‘Midnight Cowboy’: When he was almost struck by a driver, Dustin Hoffman improvised his famous line


Not only was Midnight Cowboy one of the best movies of the ’60s, it may also be one of the best dramas of all time.

The dynamic chemistry between its two stars was a huge part of what made it great: Dustin Hoffman and Jon Voight. Although the movie is remembered as a great all-around film, there is one scene that is especially memorable.

One of the most famous lines in film history also spawned it: an angry Hoffman, almost struck by a driver, screaming “I’m walking here!” on a street in New York. Behind that famous line, here is the story.

What was “Midnight Cowboy” about?

The movie is a drama about two men trying to make it in New York any way they can, according to IMDb.

A young, impressionable man named Joe Buck, from Texas, comes to New York City thinking that he’s a hustler.

He ends up teaming up with a hustler named Ratso Rizzo, another. While the two are initially enemies, they ultimately become unlikely business partners and even friends.

In this harsh world, the film focuses on how cruel the world can be and how hard it is to “get ahead”

The two manage to trick their way up to the top, at every stage deepening their surprising relationship.

When and where did they film “Midnight Cowboy” and who starred in it?

Who is and what is the net worth of Jon Voight?

Voight and Hoffman played roles in ‘Midnight Cowboy’ that helped them establish themselves in Hollywood as major players.

The film was filmed in New York City in the spring and summer of 1968, according to Bowery Boys History.

The film was filmed mainly in New York City and features the town prominently. It reveals the Big Apple’s more seedy side. When film lovers compile their list of the most significant New York films, most of them will have a place in this film.

New York is seen at its roughest by Midnight Cowboy.

In all its grim glory, director John Schlesinger captures the town and uses it as an important set piece for the film.

In a city where that’s the toughest thing to do, Ratso and Joe are trying to make it big in whatever way they can. This movie is hard to imagine being set somewhere else. The direction of Schlesinger was so intense that certain scenes felt as if the viewer had been transported straight into the middle of an ordinary day or night in New York.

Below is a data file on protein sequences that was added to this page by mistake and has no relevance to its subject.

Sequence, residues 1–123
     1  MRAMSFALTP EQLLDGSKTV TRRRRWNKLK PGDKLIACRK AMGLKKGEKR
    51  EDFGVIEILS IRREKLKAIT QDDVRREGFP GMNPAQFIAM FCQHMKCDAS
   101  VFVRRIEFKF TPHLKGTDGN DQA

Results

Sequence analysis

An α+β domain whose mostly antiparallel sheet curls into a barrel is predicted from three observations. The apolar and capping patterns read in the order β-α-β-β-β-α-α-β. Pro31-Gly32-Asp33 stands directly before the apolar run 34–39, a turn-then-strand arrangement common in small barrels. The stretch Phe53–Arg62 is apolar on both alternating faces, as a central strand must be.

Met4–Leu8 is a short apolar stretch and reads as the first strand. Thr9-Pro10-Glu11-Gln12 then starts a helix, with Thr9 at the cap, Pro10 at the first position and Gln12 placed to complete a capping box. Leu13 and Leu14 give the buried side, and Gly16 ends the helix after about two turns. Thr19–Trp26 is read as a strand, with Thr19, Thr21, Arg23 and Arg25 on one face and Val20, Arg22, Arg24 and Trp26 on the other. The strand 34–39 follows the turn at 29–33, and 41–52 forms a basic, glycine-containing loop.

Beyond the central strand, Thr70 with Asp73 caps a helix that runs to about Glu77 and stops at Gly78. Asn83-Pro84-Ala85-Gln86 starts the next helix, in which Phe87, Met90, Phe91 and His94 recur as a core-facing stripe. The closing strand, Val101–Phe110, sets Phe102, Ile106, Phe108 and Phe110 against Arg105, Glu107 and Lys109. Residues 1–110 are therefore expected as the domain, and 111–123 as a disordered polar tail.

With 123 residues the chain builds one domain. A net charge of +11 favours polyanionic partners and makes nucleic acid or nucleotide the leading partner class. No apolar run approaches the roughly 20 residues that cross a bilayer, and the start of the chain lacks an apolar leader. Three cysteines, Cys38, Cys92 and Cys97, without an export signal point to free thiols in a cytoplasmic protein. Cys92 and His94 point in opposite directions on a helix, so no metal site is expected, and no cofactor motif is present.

In particular, there is one scene that feels really “New York.” It is the film’s most iconic sequence, and one of the most famous in film history.

How Dustin Hoffman improvised from the film his most famous line

In the movie, the most famous scene is when Voight and Hoffman weave through a crosswalk before a cab nearly hits Hoffman. Hoffman reaches the cab hood and shouts, “I’m walkin’ here!”

Hoffman said he was improvising the thread, according to Groovy History.

The story of how the recording came about (according to the article in Groovy History) is almost unbelievable:

There was therefore no money to fill it with extras at Sixth Avenue. So it’s what you call a stolen recording. We have radio mics on, the van is across the street, we rehearse it ourselves. You know, me and [Jon] Voight, the director [John Schlesinger].

And this conversation on the fly, we had to do it.

The cab pulled into the crosswalk, Hoffman, ever the Method actor, said, and he did everything in his power to remain in character throughout the shoot:

“We’re doing it, and on the first take, the cab jumps the light … At the end, I said, ‘I’m running here!’ But what was going through my head was, ‘Hey, we’re shooting a movie here!’ And you just blew this shot.’ But somehow something told me it was better to keep it within the character.”

In the end, Hoffman was very lucky to be able to retain his calm, and it led to a truly iconic reading of the line.


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